Wednesday, December 7, 2011


[Sunrise over Kelowna - photo by my son, Jon Merk]

Ella's prompt at Real Toads is to write about gifts, or to write about the first poem that really meant something to you, after which your love affair with poetry began.

I began falling in love with words when I was very young. I have been carrying home an armload of books from the library weekly since I was five - that is a lot of books. I lost myself in them, and still do. I always have a book on the go, and twenty more stacked waiting by my bedside.

The first poem that began my writing journey was one I wrote myself. I dont know why or what sparked it, but I wrote it, and the floodgates were opened. A torrent of poems flowed through me, for the rest of my life. Many composed in my teens were written   in language that seemed to come through me from somewhere else, someone older, with some  understanding of things my teenage brain certainly wasnt yet capable of  comprehending.

I wote feverishly all through high school. The teachers were very good. They encouraged me and turned a blind eye to my feverish scribbling, which I could not help - when a poem was coming, nothing else mattered. I had to write it.

I hadnt read much poetry until then, but was drawn to the classic novels: Wuthering Heights (Heathcliff!), especially.  I loved all of the Brontes, books full of moors and turbulence and suppressed longing.

During high school I  was finally exposed to poetry and loved so many of the poets:  Shelley, Keats, Wordsworth, Elizabeth Barrett Browning, e.e. cummings.

I remember writing these lines in class, then sitting and staring at them, wondering where they had come from and what they meant. It was 1960. My dad had died that summer before high school started, and I was just barely fourteen.

Each acquaintance on the road to Never
whispers through the soul
and leaves a soft thought to remember
when tomorrow dawns cold.
It seems each person that I meet
on this long journey to the end of things
is someone I can love
and I must tell him of my love
for if my heart stopped beating
e'er one more sky was streaked with dawn,
how would my many loves live on,
uncertain of this extra dream of life
only my heart, in love, can dwell upon?


  1. Beautiful thoughts...I envy you for writing earlier on, and finding your muse. I am a late bloomer but I do understand the feeling of wonder when the words come out...thanks for sharing this ~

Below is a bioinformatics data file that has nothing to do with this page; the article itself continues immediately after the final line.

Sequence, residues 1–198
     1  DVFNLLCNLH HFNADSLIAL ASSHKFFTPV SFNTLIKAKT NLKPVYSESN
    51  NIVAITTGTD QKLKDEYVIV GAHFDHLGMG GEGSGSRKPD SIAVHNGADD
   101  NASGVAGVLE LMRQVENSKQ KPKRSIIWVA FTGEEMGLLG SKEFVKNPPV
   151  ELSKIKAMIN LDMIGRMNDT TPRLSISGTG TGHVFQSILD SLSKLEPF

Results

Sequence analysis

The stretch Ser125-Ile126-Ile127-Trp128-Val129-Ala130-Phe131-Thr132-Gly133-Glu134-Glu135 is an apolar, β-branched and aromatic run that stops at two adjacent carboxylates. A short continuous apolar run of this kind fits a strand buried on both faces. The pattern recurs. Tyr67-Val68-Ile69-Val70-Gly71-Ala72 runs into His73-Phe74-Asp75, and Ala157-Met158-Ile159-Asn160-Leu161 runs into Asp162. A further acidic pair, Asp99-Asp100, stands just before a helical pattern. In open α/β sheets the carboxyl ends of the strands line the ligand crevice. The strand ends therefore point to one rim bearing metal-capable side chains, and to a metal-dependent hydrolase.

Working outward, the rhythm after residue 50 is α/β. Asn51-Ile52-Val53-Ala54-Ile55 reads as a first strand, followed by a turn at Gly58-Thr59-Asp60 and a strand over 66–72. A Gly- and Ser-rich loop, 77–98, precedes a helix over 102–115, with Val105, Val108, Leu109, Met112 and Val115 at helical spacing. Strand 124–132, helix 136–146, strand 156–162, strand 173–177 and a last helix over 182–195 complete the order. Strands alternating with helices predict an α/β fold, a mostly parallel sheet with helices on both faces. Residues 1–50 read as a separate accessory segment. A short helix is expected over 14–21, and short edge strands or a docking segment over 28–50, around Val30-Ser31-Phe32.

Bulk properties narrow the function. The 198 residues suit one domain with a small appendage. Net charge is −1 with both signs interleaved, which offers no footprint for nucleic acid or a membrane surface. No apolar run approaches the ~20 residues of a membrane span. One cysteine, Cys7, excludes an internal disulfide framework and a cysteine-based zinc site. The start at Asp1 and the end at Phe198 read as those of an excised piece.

2. Wow! I can identify now with the words pouring out, but that is amazing writing for a 14-year-old, Sherry. Thanks for sharing it.

  3. Thanks for sharing your poetry journey..I too began writing as a teenager, but in my adult years put away my pen..I only started writing again the end of 2009. The poem you wrote at 14 is beautiful and mature beyond your glad your gift to write continues for all of us to read.

  4. Wow, and beautiful, Sherry. So glad YOU are still writing and reading in the NOW.

  5. Wow, Sherry, I am in awe of the beauty and view you had at 14 and your view now~
    Thank you for sharing how this journey and love all started! It truly was a gift to read your beautiful poem~ Thank you!

  6. It seems each person that I meet
    on this long journey to the end of things
    is someone I can love...

    Now that is a gift, which so few people in this world are open to receiving. It's why you shine, Sherry.

  7. My grandfather died when my mom was 13. I wish she'd written a poem like this one.

  8. that is a beautiful poem, right there. love your story, love it. and you, of course.

  9. This astounds me. Pure and simple, it astounds me ... coming from a fourteen year old. It is filled with beauty ... as is most of your poetry. There is a fullness to your poetry which always makes it very satisfying to read.

  10. Heartfelt and simple. And you were only fourteen? What a meaningful gift to be able to write this way, and what a meaningful gift for us to share it!


Thank you so much for visiting. I appreciate it and will return your visit soon.